Plenty of Americans would ignore a wandering dog in the street too but I’d like to think that we care enough as a society to help those that cannot help themselves.
One day the shoe will be on the other foot and your dog will be missing. Wouldn’t you want someone to care enough and take the time out of their day to help?
While many don’t view humans and dogs on the same level, let me ask you this. If you were driving or walking along and a toddler ran across the road with no guardian in sight, you’d stop to help, right? Suddenly you want to get involved, magically found the time and it becomes your place to help. For me, a loose dog is exactly the same. I stop and help. Every time. Both dogs and kids are living beings that need our help before the situation gets dire.
I feel very strongly about animals — maybe because Dagny is pretty much my everything here — and I don’t understand people who just don’t want to get involved and walk on past a perfectly friendly animal that is clearly lost and NEEDS HELP. To be clear, I’m not advocating putting yourself in danger. If the dog appears aggressive, call for help. But don’t just stand there and do nothing.
Here are some tips if you come across a loose dog and need to get it to safety:1. Don’t put yourself in danger. Wanting to help isn’t worth getting hurt yourself. If the dog seems aggressive or mean, it’s best to not approach him directly. Call your town’s animal control or vet to get assistance.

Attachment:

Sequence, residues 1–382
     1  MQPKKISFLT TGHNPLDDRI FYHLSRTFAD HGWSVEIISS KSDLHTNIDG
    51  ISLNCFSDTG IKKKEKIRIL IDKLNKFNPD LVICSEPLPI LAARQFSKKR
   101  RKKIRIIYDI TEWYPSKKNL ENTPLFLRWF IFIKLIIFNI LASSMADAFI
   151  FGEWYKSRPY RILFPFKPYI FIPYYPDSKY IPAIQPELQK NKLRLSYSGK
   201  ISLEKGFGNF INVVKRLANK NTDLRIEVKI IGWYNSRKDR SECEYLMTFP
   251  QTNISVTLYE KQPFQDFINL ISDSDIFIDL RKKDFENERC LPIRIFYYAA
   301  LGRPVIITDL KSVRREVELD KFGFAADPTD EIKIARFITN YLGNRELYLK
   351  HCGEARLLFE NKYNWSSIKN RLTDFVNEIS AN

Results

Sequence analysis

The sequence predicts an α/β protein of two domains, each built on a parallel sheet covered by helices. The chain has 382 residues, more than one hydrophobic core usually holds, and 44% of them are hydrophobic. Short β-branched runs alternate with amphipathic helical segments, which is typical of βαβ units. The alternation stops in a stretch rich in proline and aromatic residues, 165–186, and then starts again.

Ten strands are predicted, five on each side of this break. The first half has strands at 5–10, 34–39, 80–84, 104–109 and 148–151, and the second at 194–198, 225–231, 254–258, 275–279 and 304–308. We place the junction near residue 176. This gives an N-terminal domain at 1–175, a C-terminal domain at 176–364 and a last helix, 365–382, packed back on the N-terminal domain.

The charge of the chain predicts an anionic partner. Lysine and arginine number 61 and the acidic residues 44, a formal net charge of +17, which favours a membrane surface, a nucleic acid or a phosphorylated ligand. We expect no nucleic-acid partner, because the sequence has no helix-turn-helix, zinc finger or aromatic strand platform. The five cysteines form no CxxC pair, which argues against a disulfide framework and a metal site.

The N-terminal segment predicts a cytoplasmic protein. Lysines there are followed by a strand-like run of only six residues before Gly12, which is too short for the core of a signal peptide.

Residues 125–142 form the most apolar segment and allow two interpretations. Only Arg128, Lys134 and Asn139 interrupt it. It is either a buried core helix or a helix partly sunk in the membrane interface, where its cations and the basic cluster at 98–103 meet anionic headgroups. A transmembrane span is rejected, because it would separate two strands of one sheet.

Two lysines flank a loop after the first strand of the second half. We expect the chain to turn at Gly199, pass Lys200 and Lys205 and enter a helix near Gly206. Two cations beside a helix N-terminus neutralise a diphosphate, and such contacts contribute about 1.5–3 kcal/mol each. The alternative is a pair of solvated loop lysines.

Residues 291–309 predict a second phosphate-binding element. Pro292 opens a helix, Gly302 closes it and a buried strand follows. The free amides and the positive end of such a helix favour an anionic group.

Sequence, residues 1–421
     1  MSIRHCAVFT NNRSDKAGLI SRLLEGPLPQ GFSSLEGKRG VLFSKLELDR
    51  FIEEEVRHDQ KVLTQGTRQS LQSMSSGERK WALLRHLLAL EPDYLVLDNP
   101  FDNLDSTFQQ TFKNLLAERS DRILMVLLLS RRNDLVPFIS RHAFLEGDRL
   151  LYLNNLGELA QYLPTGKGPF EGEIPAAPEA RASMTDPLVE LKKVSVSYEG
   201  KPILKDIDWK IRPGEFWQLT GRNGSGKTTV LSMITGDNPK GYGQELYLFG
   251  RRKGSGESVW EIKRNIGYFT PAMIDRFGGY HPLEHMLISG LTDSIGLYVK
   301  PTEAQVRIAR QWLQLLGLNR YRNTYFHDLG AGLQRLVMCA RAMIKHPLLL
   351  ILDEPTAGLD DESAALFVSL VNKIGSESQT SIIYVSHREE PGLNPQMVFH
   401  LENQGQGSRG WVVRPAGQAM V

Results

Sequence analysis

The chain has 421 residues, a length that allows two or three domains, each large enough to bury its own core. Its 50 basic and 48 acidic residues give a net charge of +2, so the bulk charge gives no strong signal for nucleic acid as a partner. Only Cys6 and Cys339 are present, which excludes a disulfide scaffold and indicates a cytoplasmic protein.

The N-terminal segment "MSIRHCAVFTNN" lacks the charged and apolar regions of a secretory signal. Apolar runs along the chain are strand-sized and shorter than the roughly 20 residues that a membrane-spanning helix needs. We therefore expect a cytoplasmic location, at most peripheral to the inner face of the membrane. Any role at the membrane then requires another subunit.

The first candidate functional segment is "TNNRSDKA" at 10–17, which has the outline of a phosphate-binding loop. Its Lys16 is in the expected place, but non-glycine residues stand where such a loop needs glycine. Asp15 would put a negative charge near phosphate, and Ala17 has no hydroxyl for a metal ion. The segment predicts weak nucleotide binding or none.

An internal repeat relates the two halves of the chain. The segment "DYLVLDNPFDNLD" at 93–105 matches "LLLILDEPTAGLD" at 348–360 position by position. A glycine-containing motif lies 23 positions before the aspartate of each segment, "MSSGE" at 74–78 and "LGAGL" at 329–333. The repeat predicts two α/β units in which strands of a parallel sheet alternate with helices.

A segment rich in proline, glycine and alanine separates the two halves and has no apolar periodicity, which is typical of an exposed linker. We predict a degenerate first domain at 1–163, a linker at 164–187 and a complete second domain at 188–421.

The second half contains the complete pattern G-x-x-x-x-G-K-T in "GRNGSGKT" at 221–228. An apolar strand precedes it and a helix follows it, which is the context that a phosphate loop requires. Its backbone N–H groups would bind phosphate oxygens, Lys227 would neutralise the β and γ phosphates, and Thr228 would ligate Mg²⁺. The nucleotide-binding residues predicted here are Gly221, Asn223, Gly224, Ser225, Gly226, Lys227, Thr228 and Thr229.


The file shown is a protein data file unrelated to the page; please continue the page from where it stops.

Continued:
2. Go with your intuition. If a dog appears friendly and your gut says to stop and see if you can help, don’t think about it further — just stop! By the time you go back and forth with yourself on whether you should stop, the dog might get hit by a car or run off. Go with your gut. The same goes with a dog that doesn’t appear friendly. If your intuition is sending up red flags, don’t approach!
3. Don’t make any quick movements. Even a nice dog can spook or become aggressive if he feels threatened or cornered. Stay calm and patient to keep everyone safe as you gently put a leash on him and/or guide him to safety.
4. Carry an extra leash. You never know when you’ll need it. Maybe yours will break or you’ll encounter a loose dog. Better safe than sorry.
5. Carry emergency numbers with you such as animal control and the local vet. Again, you never know when you’ll need to make a call.
Luckily this story ends well.
Shortly after we returned home, my phone rang. It was the vet telling me that she scanned the dog again and was able to find a microchip with the owner’s information. She called him and apparently the dog was a bit more excitable than normal due to a neighbor’s dog being in heat, so he destroyed the fence and had escaped that morning. The vet asked me if she could give my information to the owner since that’s normal protocol, so he could properly thank me. I said of course. But it’s now several days later and I haven’t heard a peep from the dog’s owner. But that’s not what’s important. Dagny and I made a difference in that dog’s life whether he knows it or not, and for that, we can’t help but be proud.